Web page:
The whiff that escapes from the burgundy-colored bottle of Mon Parfum Chéri par Camille (My Darling Perfume by Camille), to be soon exclusively launched at Harrods in London on July 1st, 2011, is very much reminiscent of old-school perfumes laden with oakmoss. It smells slightly musty, but in a chic way.
Upon spraying the perfume onto the skin, what you get is a different sensation, one which is more iris-y, suede-like. It's a comingling of soft, powdery and root-y iris with sweet Coca-Cola-like amber and mineral, graphite-like, smoky Indonesian patchouli. Musk is present, enveloped by the other notes, never overly of the unbathed persuasion, although it is not clean and white.
The house of Annick Goutal announced the perfume as a reconstitution of an old formula, one that is that of a concrète offered by sensualist French writer Colette (1873 -1954) to the founder of the brand Annick Goutal (1946 -1999). It is a project very much rooted in nostalgia and filial love as the concrète can be seen as a baton passed on from Annick to Camille and back. Camille, the daughter of Annick, wanted to mirror the offering of her mother, the perfume Petite Chérie, in this altogether different fragrance, Mon Parfum Chéri par Camille. The composition is created to "honor the eternal beauty of her mother." There are no links except in names and intention, and perhaps via two fruit notes, pear for the first and plum for the second. Other than that, it is like contrasting two separate worlds of taste: a fresh fruity floral and a woody-floral chypre. And while usually the brand does not hesitate to feature their in-house perfumer Isabelle Doyen, this time Camille insisted on making her signature part of the name of the perfume.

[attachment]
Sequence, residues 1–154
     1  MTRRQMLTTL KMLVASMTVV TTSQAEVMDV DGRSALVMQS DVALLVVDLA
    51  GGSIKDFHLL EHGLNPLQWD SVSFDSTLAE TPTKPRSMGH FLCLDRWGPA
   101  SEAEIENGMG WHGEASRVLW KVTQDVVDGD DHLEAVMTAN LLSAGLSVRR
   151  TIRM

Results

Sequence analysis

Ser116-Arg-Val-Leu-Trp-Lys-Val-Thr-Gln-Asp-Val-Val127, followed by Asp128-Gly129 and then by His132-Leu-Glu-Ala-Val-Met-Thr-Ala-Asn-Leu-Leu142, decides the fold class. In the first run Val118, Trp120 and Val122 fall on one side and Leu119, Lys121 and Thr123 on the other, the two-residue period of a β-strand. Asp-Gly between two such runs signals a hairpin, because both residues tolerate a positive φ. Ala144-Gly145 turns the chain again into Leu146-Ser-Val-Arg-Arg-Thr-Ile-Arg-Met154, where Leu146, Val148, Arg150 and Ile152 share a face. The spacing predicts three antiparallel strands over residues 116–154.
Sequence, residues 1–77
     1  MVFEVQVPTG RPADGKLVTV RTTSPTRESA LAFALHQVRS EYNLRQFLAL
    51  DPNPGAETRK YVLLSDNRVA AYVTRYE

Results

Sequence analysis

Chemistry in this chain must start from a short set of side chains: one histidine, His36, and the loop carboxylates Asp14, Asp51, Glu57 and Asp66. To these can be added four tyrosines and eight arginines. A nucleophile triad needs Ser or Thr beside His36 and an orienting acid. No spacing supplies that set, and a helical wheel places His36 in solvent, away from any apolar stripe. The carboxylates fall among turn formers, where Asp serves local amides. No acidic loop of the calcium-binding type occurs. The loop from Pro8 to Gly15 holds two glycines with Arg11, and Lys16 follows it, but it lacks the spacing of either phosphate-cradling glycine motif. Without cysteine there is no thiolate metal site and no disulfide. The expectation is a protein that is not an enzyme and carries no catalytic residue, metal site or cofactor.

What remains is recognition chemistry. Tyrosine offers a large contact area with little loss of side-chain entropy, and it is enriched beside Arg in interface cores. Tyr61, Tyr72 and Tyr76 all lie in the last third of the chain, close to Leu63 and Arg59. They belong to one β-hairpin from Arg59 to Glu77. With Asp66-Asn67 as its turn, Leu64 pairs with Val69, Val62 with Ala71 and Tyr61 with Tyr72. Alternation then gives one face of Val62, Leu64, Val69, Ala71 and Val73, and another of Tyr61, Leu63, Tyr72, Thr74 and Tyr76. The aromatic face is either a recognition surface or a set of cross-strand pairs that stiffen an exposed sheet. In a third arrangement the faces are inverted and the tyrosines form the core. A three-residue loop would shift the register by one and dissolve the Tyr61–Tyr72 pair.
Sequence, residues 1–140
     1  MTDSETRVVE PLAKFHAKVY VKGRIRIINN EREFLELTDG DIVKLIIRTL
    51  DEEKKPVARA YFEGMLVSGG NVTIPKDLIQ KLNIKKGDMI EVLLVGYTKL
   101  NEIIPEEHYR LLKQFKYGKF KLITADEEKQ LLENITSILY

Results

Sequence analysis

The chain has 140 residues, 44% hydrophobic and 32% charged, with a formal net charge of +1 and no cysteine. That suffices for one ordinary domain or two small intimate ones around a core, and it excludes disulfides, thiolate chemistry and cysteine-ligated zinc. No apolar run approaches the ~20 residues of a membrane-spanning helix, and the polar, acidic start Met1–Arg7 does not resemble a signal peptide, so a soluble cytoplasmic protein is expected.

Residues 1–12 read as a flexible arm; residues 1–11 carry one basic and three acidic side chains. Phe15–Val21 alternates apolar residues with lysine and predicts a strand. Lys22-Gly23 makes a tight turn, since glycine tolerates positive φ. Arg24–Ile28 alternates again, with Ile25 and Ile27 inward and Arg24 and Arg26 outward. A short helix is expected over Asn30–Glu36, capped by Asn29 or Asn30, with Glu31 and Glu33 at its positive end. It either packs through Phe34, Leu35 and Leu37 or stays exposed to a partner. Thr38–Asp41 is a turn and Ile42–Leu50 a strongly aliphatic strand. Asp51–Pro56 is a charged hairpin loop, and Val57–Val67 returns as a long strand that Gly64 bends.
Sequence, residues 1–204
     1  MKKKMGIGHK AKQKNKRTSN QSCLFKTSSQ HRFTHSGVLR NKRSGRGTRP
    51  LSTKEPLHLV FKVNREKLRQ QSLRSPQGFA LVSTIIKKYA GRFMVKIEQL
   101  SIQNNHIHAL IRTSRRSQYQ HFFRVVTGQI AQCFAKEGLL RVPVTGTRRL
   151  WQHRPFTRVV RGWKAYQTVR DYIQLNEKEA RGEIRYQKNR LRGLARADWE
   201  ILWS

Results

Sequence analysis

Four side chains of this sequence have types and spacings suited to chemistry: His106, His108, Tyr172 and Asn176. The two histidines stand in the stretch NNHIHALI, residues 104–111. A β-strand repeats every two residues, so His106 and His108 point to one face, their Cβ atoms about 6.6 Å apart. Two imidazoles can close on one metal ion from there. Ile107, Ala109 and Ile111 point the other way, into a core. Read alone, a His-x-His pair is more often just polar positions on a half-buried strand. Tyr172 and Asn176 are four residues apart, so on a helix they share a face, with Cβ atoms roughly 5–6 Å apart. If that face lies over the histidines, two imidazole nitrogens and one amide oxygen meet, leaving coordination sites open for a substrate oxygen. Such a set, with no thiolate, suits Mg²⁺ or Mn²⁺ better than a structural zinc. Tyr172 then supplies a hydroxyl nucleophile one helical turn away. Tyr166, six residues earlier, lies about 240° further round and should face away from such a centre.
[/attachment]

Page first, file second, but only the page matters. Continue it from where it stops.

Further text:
"It all started with a precious present stowed away in their office : a small concrete that the author Colette gave to Annick Goutal. A woody, timeless fragrance that has survided decades with no signs of aging. Camille, obsessed with this unusual fragrance, was drawn back to her childhood memories of Hollywood's wartime movies. Tempting satin. Delicate lace. Actresses and their gloved hands and ruby lips. And a memory of her mother dressing for an evening out." ...
Colette as one of the actors of this perfume recreation, we can try to better understand in her relationship to her gesture of offering a perfume token. The writer has always had a foot in the world of beauty and fragrance, not only by taste but also for professional reasons as her road to emancipation went through her early experience as an exotic dancer who needed her pans of makeup and bottles of scent like every other show girl. Later on, she would try to use her expertise and de facto serious interest for all things beauty to try to become an entrepreneur, creating her own scents and opening a beauty parlor. But the endeavor was short-lived. She was also a beauty writer, often a complacent one, trying to push products in women's magazines where her friendly tone was always and unwaveringly warm. She was in fact a great PR. If you pay attention to the writer's face from the perspective of a beauty fiend, you cannot help but notice her dark, smoky eyes lined with black khol, her slim lips wearing an insistent swipe of rouge. Into her old age, she never let go of her coquettry.
She also apparently liked to offer little presents as mementos of her to people who came to see her. Truman Capote recounts at one point how he visited her in her appartment in Paris and left with one of the paper-weights she collected, which he saw strewn on her bed and/or besides it, I can't recall exactly. They inspired her with their imprisonned motifs. Her philosophy of gift-giving which she imparted to Capote was that one ought to give only what one treasured personally. The fact that Annick Goutal was the recipient of a similar gift in perfume form confirms this habit of hers and invites us to think that Colette loved the perfume she gave away.